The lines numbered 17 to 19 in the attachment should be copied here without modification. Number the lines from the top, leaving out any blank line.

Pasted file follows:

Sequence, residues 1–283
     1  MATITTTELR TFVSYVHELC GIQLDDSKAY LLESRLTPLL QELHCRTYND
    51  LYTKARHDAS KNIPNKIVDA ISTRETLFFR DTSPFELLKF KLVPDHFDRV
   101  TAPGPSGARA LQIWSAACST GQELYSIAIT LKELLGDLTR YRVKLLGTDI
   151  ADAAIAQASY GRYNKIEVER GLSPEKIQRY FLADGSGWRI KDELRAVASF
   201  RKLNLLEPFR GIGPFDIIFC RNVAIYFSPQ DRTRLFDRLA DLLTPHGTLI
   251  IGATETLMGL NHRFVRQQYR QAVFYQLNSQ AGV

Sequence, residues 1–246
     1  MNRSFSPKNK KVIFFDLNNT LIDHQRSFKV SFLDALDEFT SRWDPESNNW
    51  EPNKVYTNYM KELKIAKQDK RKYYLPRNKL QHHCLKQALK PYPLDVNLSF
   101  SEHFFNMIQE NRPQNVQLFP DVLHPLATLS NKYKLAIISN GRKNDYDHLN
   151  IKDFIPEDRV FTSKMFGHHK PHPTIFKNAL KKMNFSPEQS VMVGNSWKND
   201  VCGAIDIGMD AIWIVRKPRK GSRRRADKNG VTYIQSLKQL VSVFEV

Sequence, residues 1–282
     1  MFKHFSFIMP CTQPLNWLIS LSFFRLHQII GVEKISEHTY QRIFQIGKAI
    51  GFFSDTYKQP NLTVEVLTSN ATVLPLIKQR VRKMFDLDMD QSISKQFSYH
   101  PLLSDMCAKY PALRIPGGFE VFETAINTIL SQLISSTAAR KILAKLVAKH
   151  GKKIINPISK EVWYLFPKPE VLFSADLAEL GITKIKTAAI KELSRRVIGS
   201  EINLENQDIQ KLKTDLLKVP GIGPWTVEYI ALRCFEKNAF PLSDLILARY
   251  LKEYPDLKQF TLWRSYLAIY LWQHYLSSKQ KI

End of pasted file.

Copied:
   101  PLLSDMCAKY PALRIPGGFE VFETAINTIL SQLISSTAAR KILAKLVAKH
   151  GKKIINPISK EVWYLFPKPE VLFSADLAEL GITKIKTAAI KELSRRVIGS
   201  EINLENQDIQ KLKTDLLKVP GIGPWTVEYI ALRCFEKNAF PLSDLILARY